« AnteriorContinuar »
He steer'd securely, and discover'd far,
Horace ftill charms with graceful negligence,
VER 6:3. Who conquer'd Nature, should prefde o'er Wit.] By this is not meant physical Nature, but moral.
The force of the observation consists in our underitanding it in this fenie. For the Poet not only uses the word Nature for human nature, throughout this poem ; but also, where, in the beginning of it, he lays down the princia ples of the arts he treats of, he makes the knowledge of human nature the foundation of all Criticism and Poetry. Nor is the observation less true than apposite. For, Aristotle's natural enquiries were superficial, and ill-made, tho' extensive: But his logical and moral works are incomparable. In theie he has unfolded the human mind, and laid open all the recesses of the heart and underltanding ; and by his Categories, not only conquer'd Naturi, but kept her in tenfold chains : Not as Dulness kept the Muses, in the Dunciad, to filence them ; bui as Ariftens held Proteus in Virgil, to deliver Oracles.
See Dionyfius Homer's thoughts refine,
Fancy and art in gay Petronius please,
In grave Quintilian's copious work, we find 670
Thee, bold Longinus ! all the Nine inspire, And bless their Critic with a Poet's fire.
1 An ardent Judge, who zealous in his trust, With warnith gives sentence, yet is always just; Whose own example strengthens all his laws; 680 And is himself that great Sublime he draws.
Thus long fucceeding Critics justly reign’d, Licence repress’d, and useful laws ordain'd. Learning and Rome alike in empire grew; And Arts still follow'd where her Eagles flew; From the fame foes, at last, both felt their doom, And the fame age saw Learning fall, and Rome. With Tyranny, then Superstition join'd, As that the body, this enslav'd the mind; Much was believ'd, but little understood, 690 And to be dull was constru'd to be good ;
Ver. 6C6. See Dionysiu] Of Halicarnaffus. P.
Vain Wits and Critics were no more allow'd,
A second deluge Learning thus o'er-run,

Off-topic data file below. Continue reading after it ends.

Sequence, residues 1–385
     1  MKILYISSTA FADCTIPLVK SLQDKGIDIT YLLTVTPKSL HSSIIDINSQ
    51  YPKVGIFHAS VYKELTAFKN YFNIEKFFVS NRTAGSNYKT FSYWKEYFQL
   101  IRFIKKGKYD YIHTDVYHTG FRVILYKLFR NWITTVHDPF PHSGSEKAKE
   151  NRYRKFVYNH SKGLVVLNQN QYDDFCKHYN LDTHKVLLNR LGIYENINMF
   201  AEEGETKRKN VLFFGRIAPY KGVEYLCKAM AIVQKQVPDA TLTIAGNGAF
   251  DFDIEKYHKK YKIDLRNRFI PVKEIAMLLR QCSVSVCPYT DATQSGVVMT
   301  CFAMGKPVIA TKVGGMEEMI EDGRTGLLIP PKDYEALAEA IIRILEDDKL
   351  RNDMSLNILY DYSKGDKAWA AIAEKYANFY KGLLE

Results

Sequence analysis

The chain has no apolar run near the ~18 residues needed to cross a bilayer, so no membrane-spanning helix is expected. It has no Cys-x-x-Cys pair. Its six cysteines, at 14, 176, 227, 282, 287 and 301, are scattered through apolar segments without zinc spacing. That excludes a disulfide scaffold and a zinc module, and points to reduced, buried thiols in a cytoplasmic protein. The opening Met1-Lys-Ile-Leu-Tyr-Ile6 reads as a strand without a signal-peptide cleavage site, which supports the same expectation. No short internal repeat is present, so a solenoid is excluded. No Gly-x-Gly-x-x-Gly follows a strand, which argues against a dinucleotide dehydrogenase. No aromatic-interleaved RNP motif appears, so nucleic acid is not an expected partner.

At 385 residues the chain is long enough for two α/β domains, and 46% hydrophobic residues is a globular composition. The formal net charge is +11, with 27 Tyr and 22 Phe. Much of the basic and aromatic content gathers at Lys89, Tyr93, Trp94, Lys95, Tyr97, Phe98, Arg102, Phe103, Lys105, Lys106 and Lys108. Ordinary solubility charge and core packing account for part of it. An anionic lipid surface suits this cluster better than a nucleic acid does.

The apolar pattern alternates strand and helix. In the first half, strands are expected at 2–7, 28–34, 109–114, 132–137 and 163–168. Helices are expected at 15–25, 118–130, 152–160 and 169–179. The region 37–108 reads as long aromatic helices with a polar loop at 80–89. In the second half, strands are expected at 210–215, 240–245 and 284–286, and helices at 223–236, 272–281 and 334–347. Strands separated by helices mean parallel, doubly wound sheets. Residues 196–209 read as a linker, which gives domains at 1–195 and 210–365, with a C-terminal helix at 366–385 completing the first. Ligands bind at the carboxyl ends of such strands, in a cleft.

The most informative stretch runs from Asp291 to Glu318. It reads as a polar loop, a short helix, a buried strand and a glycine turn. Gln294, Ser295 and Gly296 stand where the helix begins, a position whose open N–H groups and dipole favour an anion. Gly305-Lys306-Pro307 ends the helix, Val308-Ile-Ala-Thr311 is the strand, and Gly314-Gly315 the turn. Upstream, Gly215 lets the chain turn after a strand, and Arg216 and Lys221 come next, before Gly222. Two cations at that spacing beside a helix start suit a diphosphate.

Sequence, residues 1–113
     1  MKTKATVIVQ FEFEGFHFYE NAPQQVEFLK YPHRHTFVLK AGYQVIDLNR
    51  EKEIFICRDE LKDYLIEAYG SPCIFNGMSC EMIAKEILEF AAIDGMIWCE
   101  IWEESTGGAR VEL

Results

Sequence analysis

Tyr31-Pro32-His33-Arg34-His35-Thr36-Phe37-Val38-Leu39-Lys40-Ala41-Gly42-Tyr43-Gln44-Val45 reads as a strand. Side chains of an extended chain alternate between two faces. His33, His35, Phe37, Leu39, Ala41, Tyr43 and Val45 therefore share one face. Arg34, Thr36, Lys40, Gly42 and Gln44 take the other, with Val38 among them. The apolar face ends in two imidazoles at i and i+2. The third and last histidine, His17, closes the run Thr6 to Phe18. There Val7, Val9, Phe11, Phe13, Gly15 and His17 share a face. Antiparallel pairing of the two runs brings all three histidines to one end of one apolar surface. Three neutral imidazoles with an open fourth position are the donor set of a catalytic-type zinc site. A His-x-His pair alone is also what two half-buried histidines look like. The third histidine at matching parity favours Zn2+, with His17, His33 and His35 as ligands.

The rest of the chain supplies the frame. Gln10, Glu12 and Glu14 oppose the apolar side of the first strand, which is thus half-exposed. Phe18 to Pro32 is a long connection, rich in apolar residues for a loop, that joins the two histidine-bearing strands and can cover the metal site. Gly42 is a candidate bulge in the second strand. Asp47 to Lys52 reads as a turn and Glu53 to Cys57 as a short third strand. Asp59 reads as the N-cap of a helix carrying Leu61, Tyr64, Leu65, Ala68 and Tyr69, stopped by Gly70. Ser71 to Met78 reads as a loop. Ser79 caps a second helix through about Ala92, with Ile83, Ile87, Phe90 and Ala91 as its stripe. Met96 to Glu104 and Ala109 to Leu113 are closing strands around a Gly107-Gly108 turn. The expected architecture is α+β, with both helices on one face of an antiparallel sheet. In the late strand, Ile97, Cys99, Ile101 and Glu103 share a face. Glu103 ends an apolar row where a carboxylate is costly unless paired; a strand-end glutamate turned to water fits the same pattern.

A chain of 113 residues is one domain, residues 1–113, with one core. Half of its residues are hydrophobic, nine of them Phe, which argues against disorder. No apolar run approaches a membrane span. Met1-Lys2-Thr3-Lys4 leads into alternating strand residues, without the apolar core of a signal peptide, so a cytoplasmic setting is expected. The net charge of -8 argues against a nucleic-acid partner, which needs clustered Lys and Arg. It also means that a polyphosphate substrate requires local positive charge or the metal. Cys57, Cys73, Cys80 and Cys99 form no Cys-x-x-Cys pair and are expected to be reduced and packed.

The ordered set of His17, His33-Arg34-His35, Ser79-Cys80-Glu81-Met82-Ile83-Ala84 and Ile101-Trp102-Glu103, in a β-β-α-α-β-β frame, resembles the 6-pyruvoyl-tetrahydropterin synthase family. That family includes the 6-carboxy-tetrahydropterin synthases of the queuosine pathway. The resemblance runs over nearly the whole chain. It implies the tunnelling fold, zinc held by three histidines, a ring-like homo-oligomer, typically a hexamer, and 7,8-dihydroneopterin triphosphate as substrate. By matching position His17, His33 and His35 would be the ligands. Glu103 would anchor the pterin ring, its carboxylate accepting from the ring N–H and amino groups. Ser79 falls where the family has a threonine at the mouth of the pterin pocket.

At length Erasmus, that great injur'd name,
But see! each Muse, in Leo's golden days, Starts from her trance, and trims her wither’d bays, Rome's ancient Genius, o'er its ruins spread, 700 Shakes off the dust, and rears his rev'rend head. Then Sculpture and her sister-arts revive; Stones leap'd to form, and rocks began to live; With sweeter notes each rising Temple rung; A Raphael painted, and a Vida sung.
703 Immortal Vida: on whose honour'd brow The Poet's bays and Critic's ivy grow : Cremona now shall ever boast thy name, As next in place to Mantua, next in fame! 709
Ver. 695. The glory of the Priefthood and be so ime,] Our author elsewhere lets us know what he eft ems to be the glory of the Priesthood as well as of a Christian in general, where, comparing himself to Erasmus, he says,
In MODERATION placing all my glory, and consequently, what he efteems to be the shame of it. The whole of this character belong'd most eminently and almot solely to Erafmus: For the other Reformers, such as Lutber, Calvin, and their followers, understood so litzle in what tiue Chriflian Liberty confifted, that they carried with them, into the reformed Churches, that very fpirit of perfecution, which had driven them from the church of Rome.
Mantua vé miferæ nimium vicina Cremont. Virg.
But soon by impious arms from Latium chas’d, Their ancient bounds the banilhid Muses pafs'd; Thence Arts o'er all the northern world advance, But Critic-learning flourish'd most in France :
The rules a nation, born to ferve, obeys; And Boileau still in right of Horace sways. 715 But we, brave Britons, foreign laws despis’d, And kept unconquer'd, and unciviliz'd; Fierce for the liberties of wit, and bold, We still defy'd the Romans, as of old. Yet some there were, among the founder few Of those who lefs presum'd, and better knew, 721 Who durft assert the juster ancient cause, And here restor'd Wit's fundamental laws, Such was the Muse, whose rules and practice tell, Nature's chief Master-piece is writing well.” 725
VER-724. Such was the Mufe--) Elay on Poetry by the Duke of Buckingham. Our Poet is not the only one of his time who complimented this Elsay, and its noble Author. Mr. Dryden had done it very largely in the Dedication to his translation of the Æneid ; and Dr. Garth in the first Edition of his Dispensary says,
The Tyber now no courtly Gallus fees,
But smiling Thames enjoys bis Normanbys. Tho'afterwards omitted, when parties were carried so high in the reign of Queen Anne, as to allow no commendation to an opposite in Politics. The Duke vas all his life a steady adherent to the Church of England Party, yet an enemy to the extravagant measures of the Court in the reign of Charles II." On which account after having frongly patronized Mr. Dryden, a coolness fucceeded between them on that poet's absolute attachment to the Court, which carried him some lengths beyond what the Duke could approve of. This Nobleman's
Such was Roscommon, not more learn’d than good,
744 Not free from faults, nor yet too vain to mend.
true character had been very well marked by Mr. Drydon before,
the Muse's friend, Himself a Muse. In Sanadrin's debate True to his prince, but not a fave of state.
Abr, and Achit. Our Author was more happy, he was honour'd very young with his friendship, and it continued till his death m all the circumstances of a familiar esteem,